Rockwell Avenue on fast track
The Fort Atkinson City Council has moved forward with the reconstruction of Rockwell Avenue on the city’s south side next year.
Meeting in regular session Tuesday, the council approved a $139,750 contract with engineering consultant MSA Professional Services Inc. to oversee the design phase.
The total cost of the project, including complete street reconstruction with curb and gutter and replacement of water, sanitary sewer and stormwater mains, is approximately $4.5 million, including design, construction and inspection.
The city has submitted an application for a $1 million state Department of Transportation Economic Assistance grant to assist in paying for the project. Per the application, the city commits to funding at least 50 percent of the project. In May 2015, the council had contracted with the engineering firm of Short Elliott Hendrickson Inc. (SEH) to seek the grant.
No official word on the grant’s status was presented at council meeting Tuesday; however, city engineer Andy Selle was eager to move forward hiring the design consultant so the project could be done in 2017 instead of the originally projected timeline of 2020 presented by the DOT.
“Rockwell Avenue has been the number-one street I’ve been asked about time and again, other than maybe Cramer Street,” council member Mason Becker said. “I’m very happy to see this moving forward.”
The council unanimously approved the $139,750 contract with MSA Professional Services, as well as authorized the city manager to spend up to $5,000 between council meetings, if needed.
“This project is an extremely fast-tracked project,” Selle said. “We want to get this built in 2017.”
He said that ideally, bid documents would be ready in the spring, with the intention of breaking ground in June.
“To complete that work in 2017, we put together a request for proposals that were answered by six consultants,” he said, noting that the cost ran from $100,000 to $197,000.
Selle said two of the proposals stood out above the rest: one from MSA Professional Services and one from Batterman Engineering of Beloit.
The city engineer said the strength of the Batterman proposal was the cost, coming in at $121,000 for the design. However, he said the company’s weakness was a lack of stormwater expertise specifically.
“As we all know, the Rockwell Avenue corridor drains well. but it takes a long time to drain,” Selle said. “With two schools there, a well-timed storm could really wreak some havoc on that particular portion of town.”
As a result, he said, stormwater removal is an important part of the overall project.
MSA Professional Services did have the stormwater expertise he was looking for; however, the company’s preliminary cost proposal was on the higher end at $168,000. To give both MSA and Batterman a fair opportunity, each was contacted to discuss the specific areas of concern.
Selle said he sought more stormwater qualifications from Batterman Engineering and a reduction in cost from MSA.
Both companies responded to the requests and Selle ultimately recommended moving forward with MSA Professional Services at a cost of $139,750.
The additional $5,000 was to cover some of the unknowns in the design scope that might arise.
“We know there are several things within that corridor that could jump up and not necessarily surprise us, but have to be dealt with,” the city engineer said.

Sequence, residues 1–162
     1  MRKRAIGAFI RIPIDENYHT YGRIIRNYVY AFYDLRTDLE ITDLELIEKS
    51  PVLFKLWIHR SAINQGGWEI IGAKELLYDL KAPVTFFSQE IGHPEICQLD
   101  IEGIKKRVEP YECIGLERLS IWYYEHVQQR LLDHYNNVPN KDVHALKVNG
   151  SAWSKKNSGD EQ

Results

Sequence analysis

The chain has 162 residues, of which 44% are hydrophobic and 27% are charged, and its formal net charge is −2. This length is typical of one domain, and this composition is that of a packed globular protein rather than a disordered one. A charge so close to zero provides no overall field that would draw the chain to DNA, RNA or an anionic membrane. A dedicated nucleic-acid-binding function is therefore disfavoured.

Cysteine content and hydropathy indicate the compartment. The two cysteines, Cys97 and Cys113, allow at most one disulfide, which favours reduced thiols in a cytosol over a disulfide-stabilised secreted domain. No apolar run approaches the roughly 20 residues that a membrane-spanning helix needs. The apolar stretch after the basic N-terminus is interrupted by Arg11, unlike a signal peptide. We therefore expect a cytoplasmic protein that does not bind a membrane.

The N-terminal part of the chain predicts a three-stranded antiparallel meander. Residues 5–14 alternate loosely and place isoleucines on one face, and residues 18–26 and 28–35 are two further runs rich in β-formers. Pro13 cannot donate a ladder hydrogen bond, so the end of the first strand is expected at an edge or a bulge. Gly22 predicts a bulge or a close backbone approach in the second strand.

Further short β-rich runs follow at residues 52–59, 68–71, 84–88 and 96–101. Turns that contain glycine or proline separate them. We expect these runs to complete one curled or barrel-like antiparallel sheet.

Among those items are possible contamination from the former gas station at the corner of South Main and Rockwell Avenue. Selle said leaking underground storage tanks that were removed have designated the site contaminated.
“We do need to do some sampling within Rockwell Avenue to see if that contamination has moved to the south,” Selle said.
He said he did not anticipate any contamination delaying the project. The scope of the design phase would be altered to address any such issues.
Also, Selle said the state Department of Transportation is concerned about the intersection of Whitewater and Rockwell avenues.
On Nov,. 1, the council inked an agreement with the state relating to reconstruction of Whitewater Avenue from East Highland Avenue to South Third Street. That project is not slated to move forward until 2023.
However, on Tuesday, Selle said the DOT has concerns about the safety of the intersection of the two streets.
He said the city has agreed to look at those issues as part of the design, but not necessarily build them. It could lead to some additional work associated with the Whitewater Avenue project in the future.
Selle said the DOT simply is asking the city to look into the area, not necessarily suggesting there is a safety issue.
“Options that may present themselves with respect to further study would be a need for more space ... we may map out what property we would need to acquire and what the challenges might be and then stop there,” Selle said. “The Rockwell Avenue portion of things can continue; we would just be giving the DOT a level of assurance that the safety issues of that intersection are going to be dealt with and we’ll have information to support that.”
Lastly, the city engineer said, there is an issue with stormwater drainage.
In seeking bidders, Selle directed proposals to provide an effort to look at solutions for stormwater runoff with an additional scope added once any problems are apparent.
Options include drainage to the south to Larsen lagoon or to the east to the Bark River wetlands.
Selle said the consultants were directed to look at those options, as well as others, and then fold in the final option to the design scope.
“We are under a very tight deadline. Another six or eight inches of snow and this project doesn’t get done in 2017,” the city engineer concluded.